The Academy Awards ceremony is over and the Oscar winner are known. The 87th ceremony started with host’s Neil Patrick Harris (parts by Jack Black and Anna Kendrick) spectacular opening ode “Moving pictures”. And while the song had witty references to current celebrities and habits and the marketing concept behind the movie industry, the essence of it is what it is all about: “Cuz all of it is for moving pictures, ….Why do we love them? “
Indeed, why do we love moving pictures? According to the song lyrics it is because “Moving pictures shape who we are.”
The history of moving pictures started long before the invention of the film and referred to a series of images giving an impression of movement when viewed in rapid succession. The first time the term was officially used in the English language, was in the first British daily newspaper Daily Courant. In its 9th May, 1709 issue, “The most Famous, Artificial and Wonderful Moving Picture that came from Germany” was presented.
With the patent of the first machine to show animated pictures or movies in 1867, the term moving pictures started referring to cinematographic films and was shortly equivalent to the more suitable motion pictures.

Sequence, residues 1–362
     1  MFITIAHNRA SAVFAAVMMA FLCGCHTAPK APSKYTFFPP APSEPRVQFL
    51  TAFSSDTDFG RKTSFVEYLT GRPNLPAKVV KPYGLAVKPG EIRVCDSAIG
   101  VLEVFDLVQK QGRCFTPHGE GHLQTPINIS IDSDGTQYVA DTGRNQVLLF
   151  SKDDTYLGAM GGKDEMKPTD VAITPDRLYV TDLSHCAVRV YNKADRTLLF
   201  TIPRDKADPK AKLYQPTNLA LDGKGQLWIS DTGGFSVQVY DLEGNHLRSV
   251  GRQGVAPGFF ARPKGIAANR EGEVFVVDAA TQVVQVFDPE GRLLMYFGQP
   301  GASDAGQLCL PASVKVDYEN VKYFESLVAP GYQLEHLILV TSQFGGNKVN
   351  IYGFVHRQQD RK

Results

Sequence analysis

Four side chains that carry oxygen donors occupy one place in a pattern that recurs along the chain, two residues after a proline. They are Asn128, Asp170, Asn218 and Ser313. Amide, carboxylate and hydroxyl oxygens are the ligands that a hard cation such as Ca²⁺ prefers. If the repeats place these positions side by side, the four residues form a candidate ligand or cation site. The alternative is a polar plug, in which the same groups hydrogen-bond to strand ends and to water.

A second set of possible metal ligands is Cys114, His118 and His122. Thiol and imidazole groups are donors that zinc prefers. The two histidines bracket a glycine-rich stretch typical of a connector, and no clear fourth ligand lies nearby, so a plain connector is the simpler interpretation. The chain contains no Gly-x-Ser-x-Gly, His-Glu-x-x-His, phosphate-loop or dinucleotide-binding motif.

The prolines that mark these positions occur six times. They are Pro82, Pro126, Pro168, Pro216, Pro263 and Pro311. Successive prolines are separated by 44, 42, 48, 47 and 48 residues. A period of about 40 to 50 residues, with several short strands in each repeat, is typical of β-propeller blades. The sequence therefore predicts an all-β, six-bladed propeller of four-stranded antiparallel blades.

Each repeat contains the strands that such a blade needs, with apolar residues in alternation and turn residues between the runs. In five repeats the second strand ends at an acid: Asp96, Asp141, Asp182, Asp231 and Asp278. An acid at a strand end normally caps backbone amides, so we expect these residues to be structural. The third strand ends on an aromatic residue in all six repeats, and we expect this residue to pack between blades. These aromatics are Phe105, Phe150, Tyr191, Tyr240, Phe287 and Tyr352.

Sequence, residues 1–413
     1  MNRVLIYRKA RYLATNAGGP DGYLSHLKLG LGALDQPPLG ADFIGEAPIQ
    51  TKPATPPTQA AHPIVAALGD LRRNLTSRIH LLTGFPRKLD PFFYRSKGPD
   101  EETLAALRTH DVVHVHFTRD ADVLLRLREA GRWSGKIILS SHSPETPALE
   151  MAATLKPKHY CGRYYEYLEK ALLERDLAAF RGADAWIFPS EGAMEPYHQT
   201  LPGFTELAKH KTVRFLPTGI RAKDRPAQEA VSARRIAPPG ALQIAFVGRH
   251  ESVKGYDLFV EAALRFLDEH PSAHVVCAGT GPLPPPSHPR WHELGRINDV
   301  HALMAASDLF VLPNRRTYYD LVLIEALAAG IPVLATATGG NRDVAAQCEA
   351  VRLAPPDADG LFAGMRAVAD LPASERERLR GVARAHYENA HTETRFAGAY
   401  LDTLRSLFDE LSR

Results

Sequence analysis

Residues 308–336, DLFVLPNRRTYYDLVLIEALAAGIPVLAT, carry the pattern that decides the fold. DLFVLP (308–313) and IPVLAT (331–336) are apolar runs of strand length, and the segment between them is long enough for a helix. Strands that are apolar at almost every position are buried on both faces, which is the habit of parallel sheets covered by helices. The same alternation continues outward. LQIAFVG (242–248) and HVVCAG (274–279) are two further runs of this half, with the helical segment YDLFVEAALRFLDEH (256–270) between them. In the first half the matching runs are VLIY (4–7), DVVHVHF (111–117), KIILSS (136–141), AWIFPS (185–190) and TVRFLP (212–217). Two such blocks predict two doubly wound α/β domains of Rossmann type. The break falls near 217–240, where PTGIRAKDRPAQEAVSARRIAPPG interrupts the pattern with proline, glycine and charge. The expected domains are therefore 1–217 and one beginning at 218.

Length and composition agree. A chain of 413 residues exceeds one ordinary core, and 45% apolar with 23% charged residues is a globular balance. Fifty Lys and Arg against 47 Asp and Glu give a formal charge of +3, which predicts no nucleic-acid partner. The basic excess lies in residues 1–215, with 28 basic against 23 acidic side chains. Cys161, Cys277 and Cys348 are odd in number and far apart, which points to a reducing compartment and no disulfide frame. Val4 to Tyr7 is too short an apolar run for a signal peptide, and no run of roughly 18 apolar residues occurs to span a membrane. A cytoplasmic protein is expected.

The first written evidence to describe the new cinematographic process comes from the 3rd October, 1896. It was Queen Victoria to describe the experience in a letter: “We were all photographed..by the new cinematograph process, which makes moving pictures by winding off a reel of films.” The filming process was not only reserved for royalties, as in the next year, Sketch – a journal for art reports on the prices to see moving pictures of a fight: “One guinea and half-a-guinea are being asked for stalls to see the moving pictures of the Corbett–Fitzsimmons fight at the Empress Theatre.” The fight was a 100 minutes long documentary movie.
The world’s first colour moving picture dates back to 1902 and was taken by pioneer Edward Raymond Turner from London who patented his colour process on 22 March 1899.
The term Movies appeared in the first years of the 20th century and by then the movie industry was already seriously hitting the US masses, as Springfield (Massachusetts) Sunday Republican reports that: “The average child only goes to the ‘Movies’ twice a month.”
In the following century the movie industry went beyond Hollywood and grew to influence the world to yesterday’s 87th Oscars Moving Pictures Show. Unfortunately there was not an epic selfie to break the internet, but yes, moving pictures came to life and “They may not be real life, but they’ll show you what real life means”.